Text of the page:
In 1990 the National Endowment for the Arts declined to subsidize performance artists Karen Finley, John Fleck, Holly Hughes, and Tim Miller. The "NEA 4" have been milking their martyrdom ever since.
"When the force of the federal government lands on your neck," says Hughes, "you do not walk away unscathed." But you do walk away famous. "It does make you more visible," she concedes. "It's paradoxical that an attempt at censorship draws all this attention."
In the end, the NEA 4 had it both ways: They gained notoriety and admiration by offending Jesse Helms, and they got their grants (plus legal expenses) by filing a federal lawsuit. They argued that the NEA's guidelines were impermissibly vague and imposed content-based restrictions on protected speech, in violation of the Fifth and First amendments. A district judge agreed, the U.S. Court of Appeals for the Ninth Circuit affirmed that decision last year, and the Supreme Court has just accepted the case for review.
At issue is an amendment Congress passed in 1990, responding to the uproar about NEA funding of controversial artists such as Robert (Bullwhip in Rectum) Mapplethorpe and Andres (Crucifix in Urine) Serrano. Congress instructed the NEA, when doling out taxpayers' money, to "tak[e] into consideration general standards of decency and respect for the diverse beliefs and values of the American public." That's a daunting barrier for performers who like to talk dirty, parade around in the nude, urinate on stage, and spread food on their naked bodies.
But it's not exactly censorship. As Judge Andrew J. Kleinfeld observed in his dissent from the Ninth Circuit's ruling, artists "are constitutionally entitled to express themselves indecently and disrespectfully toward the beliefs and values of as much of the American public as they like. [But the fact] that offensive or indecent expression cannot be censored does not mean that the government has to pay for it."
Kleinfeld distinguished between government benefits that are available to all speakers who meet certain general criteria, such as tax exemptions and parade permits, and government benefits that are awarded to a select few, such as NEA grants. In the former case, he argued, content-based restrictions run afoul of the First Amendment. In the latter case, he said, they are not only permissible but unavoidable.
"When the government gives a prize rather than an entitlement," Kleinfeld wrote, "it necessarily discriminates by content and viewpoint." The NEA is supposed to award grants based on "artistic excellence," for example, but this concept is no less vague than "general standards of decency."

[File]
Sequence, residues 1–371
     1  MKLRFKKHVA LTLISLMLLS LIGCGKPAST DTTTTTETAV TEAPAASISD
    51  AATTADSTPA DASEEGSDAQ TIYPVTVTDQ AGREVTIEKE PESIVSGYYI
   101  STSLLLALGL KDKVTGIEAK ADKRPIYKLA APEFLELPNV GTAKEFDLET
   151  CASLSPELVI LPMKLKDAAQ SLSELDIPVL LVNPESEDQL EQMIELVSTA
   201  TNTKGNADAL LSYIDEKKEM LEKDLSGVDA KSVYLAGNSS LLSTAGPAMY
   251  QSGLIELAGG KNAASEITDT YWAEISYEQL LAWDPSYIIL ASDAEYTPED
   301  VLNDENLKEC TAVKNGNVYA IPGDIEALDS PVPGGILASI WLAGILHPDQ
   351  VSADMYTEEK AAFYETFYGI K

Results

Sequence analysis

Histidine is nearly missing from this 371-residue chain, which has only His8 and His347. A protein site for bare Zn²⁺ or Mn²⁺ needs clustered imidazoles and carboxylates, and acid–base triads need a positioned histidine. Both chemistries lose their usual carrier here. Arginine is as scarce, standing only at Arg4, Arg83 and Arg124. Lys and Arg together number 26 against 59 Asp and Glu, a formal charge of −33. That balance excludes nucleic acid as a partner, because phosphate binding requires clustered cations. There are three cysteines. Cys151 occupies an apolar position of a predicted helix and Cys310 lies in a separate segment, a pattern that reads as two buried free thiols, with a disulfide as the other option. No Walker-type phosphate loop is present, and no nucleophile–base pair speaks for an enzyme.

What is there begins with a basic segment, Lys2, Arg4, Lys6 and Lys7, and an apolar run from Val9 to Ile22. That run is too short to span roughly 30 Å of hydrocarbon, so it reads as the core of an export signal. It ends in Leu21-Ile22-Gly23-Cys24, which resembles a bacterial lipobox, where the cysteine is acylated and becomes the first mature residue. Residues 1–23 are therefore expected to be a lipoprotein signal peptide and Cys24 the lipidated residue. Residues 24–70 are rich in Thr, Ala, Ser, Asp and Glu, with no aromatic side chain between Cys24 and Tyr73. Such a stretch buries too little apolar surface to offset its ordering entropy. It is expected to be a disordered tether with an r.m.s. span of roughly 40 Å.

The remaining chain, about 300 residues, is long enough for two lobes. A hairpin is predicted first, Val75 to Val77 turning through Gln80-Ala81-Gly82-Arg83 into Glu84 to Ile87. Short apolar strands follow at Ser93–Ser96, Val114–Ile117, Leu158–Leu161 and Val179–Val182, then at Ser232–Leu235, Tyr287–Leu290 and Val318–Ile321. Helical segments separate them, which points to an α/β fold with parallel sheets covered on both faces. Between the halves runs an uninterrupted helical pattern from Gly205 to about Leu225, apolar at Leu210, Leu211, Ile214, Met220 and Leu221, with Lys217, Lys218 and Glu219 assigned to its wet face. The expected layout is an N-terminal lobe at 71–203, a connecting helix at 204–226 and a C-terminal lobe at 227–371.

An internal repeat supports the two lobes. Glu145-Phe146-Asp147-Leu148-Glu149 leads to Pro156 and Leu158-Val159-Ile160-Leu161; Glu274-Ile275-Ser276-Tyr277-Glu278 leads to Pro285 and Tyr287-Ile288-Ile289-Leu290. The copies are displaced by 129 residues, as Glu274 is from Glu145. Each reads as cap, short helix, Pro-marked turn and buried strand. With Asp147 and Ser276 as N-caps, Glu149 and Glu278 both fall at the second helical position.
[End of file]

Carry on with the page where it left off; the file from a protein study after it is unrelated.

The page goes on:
Consider a couple of examples. Karen Finley, who used to smear herself with chocolate and alfalfa sprouts (symbolizing feces and sperm), recently has been showing audiences films in which she paints "with milk squirted from her breasts" and "wanders nude through an art gallery." Tim Miller's latest act features "an anxious safe-sex monologue performed in the nude with clothespins clipped to various parts of his body."
Is this stuff art? Is it excellent? (For the record, The New York Times noted Finley's "limitations as a writer and her tendency to belabor the obvious to the point of numbness," while the San Francisco Chronicle found Miller "precious and hyperbolic.") In judging artistic excellence, NEA reviewers are inevitably influenced by the message they think the applicant is trying to communicate. How would Miller fare if he were heterosexual? What if Finley were a straightforward stripper, instead of an "anti-erotic" performance artist?
It's no use pretending that content-based restrictions on NEA grants were introduced by Congress in 1990 and can be eliminated simply by striking the offending amendment. As long as the government gives money to a few lucky artists, it will have to consult someone's prejudices to determine who is worthy.
If that fact troubles you, there's an easy solution: Abolish the NEA. Since private giving to the arts amounts to 100 times the NEA's budget (leaving aside the billions Americans spend for their own entertainment and edification), culture probably would survive.
There's another way of looking at it, though. The NEA costs less than a dollar per taxpayer each year. For pennies a month, we get to witness the amusing spectacle of supposedly subversive artists who expect to be funded by the government, who sue when the money is not forthcoming, and who keep whining all the way to the bank. The NEA may just be the best entertainment value around.